What does 1d4, 1d6, 1d8, and 1d10 mean in Baldur’s Gate 3?

The terms come up a lot.

Image via Larian Studios

There are a lot of common Dungeons and Dragons (D&D) terms in Baldur’s Gate 3. It makes sense because the developers Larian Studios follow the D&D 5.0 handbook to create the various rules and guidelines for how combat, skill checks, characters, and overall gameplay work. Baldur’s Gate, which was initially released in 1998, used the 2nd edition rules of D&D, and Baldur’s Gate 3 continues to follow that tradition with the revised version. You can expect to see various terms not previously used in Larian Studios’ games, such as concentration, rugged terrain, or even 1d4, 1d6, 1d8, and 1d10.

Terms like 1d4 and 1d6 are commonly used whenever talking about a weapon or a spell your character has at their disposal. For example, a short sword has 1d6 slashing damage, but there’s no breakdown for what this means when you hover over the term.

Whenever you see anything that’s using 1d by something, it’s talking about dice. The term ‘1d’ means it’s using one die, so when your character successfully hits another character in combat, behind the scenes, they’re rolling one dice of whatever the next number is. So when your character lands an attack against an enemy, they are rolling one six-sided dice to see how much damage they deal. That means you can expect to see an attack damage a foe for one to six points of damage. The final result usually is higher because your character also adds their proficiency score to their damage die, which you can see on their equipment page, at the bottom.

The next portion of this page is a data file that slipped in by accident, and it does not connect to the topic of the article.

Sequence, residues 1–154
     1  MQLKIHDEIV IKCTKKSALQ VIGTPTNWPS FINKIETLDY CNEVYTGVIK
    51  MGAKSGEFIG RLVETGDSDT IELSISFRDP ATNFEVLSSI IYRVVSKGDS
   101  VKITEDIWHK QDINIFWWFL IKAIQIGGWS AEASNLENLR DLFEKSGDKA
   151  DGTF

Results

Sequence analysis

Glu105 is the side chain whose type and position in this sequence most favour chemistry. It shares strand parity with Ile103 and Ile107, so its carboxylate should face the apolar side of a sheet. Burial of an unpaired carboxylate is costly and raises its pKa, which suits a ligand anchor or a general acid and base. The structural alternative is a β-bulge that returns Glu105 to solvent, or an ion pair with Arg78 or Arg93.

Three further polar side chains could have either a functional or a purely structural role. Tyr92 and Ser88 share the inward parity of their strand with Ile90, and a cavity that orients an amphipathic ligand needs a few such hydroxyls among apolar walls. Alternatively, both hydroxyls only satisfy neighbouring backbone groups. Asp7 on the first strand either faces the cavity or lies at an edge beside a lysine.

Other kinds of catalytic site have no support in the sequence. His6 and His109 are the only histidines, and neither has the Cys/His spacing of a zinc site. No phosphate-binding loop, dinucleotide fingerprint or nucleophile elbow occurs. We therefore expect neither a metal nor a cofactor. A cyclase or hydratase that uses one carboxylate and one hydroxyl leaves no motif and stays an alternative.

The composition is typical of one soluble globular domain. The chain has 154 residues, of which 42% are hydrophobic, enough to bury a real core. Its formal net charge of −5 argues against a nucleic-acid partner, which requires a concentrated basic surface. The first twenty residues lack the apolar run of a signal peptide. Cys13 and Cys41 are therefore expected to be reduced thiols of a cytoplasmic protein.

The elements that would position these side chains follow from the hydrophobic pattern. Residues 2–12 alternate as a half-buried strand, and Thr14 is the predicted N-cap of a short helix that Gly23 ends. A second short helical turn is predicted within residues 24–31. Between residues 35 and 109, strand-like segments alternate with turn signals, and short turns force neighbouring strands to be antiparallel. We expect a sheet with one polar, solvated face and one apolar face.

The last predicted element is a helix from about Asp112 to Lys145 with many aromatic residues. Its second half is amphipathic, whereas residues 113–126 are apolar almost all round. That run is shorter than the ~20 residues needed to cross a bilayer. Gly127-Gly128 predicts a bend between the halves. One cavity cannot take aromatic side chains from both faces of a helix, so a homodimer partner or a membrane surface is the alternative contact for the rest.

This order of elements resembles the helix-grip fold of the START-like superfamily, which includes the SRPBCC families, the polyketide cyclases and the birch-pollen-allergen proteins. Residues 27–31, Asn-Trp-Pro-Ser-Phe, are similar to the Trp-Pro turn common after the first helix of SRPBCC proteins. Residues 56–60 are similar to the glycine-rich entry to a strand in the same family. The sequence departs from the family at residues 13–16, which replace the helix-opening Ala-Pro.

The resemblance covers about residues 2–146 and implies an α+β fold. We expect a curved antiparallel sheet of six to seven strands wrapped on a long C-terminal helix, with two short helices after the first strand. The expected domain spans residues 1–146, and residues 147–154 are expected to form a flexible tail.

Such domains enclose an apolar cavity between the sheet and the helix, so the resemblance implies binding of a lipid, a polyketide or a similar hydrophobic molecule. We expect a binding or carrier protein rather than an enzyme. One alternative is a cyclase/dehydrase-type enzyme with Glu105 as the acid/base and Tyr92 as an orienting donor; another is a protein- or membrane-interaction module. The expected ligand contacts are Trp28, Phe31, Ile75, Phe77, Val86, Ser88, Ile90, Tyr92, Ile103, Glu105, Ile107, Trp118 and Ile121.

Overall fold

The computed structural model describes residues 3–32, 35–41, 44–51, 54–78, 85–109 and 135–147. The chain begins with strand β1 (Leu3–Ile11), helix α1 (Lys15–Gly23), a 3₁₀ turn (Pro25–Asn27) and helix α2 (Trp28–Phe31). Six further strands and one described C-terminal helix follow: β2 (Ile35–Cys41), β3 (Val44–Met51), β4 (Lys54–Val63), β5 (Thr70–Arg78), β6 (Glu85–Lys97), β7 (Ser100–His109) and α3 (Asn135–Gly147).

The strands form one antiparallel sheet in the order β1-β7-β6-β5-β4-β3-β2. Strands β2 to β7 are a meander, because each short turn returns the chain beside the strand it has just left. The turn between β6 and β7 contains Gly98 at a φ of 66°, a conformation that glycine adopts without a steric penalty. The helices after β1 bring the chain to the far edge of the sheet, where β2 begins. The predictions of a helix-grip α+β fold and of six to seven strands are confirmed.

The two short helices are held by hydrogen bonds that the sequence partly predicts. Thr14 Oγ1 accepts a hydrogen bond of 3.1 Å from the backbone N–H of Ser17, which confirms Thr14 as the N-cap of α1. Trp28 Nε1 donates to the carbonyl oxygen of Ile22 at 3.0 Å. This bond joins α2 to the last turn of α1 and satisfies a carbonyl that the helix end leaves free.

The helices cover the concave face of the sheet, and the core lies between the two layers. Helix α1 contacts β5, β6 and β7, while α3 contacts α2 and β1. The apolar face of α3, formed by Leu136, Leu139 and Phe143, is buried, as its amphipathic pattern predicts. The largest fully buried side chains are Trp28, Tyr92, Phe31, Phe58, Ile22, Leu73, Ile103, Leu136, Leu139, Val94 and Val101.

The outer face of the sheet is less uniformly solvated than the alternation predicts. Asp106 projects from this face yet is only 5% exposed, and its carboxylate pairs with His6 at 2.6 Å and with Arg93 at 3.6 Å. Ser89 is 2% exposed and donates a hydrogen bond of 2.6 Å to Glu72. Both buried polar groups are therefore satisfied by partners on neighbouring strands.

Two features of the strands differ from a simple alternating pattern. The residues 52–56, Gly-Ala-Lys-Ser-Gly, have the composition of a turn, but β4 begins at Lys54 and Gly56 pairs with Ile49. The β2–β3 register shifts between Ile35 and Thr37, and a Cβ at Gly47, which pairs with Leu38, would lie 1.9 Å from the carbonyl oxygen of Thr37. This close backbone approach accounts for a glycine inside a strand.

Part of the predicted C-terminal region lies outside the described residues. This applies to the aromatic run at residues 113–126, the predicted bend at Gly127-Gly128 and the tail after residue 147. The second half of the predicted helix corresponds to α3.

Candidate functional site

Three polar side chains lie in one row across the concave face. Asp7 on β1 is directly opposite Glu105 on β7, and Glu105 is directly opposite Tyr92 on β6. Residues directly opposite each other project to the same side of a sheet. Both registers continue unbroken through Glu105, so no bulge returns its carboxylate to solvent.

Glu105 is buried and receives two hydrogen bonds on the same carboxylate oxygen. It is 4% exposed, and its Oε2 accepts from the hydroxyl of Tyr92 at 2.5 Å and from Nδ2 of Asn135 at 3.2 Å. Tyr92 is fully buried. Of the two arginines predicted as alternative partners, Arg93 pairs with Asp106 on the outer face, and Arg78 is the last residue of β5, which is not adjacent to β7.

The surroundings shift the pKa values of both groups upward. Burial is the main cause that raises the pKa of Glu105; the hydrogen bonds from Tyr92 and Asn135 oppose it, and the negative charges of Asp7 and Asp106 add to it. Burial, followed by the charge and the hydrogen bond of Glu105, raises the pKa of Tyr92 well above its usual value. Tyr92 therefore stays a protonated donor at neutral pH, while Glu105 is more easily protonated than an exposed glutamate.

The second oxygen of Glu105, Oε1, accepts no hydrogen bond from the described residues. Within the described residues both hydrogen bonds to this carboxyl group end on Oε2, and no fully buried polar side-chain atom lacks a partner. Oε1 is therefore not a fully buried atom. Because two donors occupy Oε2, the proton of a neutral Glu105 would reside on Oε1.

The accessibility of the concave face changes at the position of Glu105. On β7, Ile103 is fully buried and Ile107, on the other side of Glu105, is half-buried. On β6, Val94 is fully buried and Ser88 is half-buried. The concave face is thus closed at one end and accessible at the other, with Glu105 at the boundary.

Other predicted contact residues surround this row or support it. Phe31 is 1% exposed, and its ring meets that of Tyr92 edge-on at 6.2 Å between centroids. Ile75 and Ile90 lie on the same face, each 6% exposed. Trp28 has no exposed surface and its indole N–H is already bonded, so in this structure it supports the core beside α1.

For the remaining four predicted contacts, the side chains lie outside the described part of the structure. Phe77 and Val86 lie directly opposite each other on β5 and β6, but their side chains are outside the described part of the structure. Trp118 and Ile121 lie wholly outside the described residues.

Almost any attack or spell your characters use in Baldur’s Gate 3 has one of these dice rolls attached to their description. It gives you a better idea of how powerful these attacks will be, and for those who enjoy using spellcasters, you can expect to see some that have 2d4 or 3d4, which means the attack is rolling two four-sided dice or three four-sided dice, respectively. So if you have the option of using an attack that uses 1d10 or one that uses 1d4, you probably want to use the 1d10 because you can potentially roll a four or high. However, there’s a lot of luck in dice rolls, and there’s always a chance you can roll a one.

Make sure to double-check the spell or attack before using it to see how much damage it does to an enemy. Depending on how many die your character rolls, you might be better off using a different choice.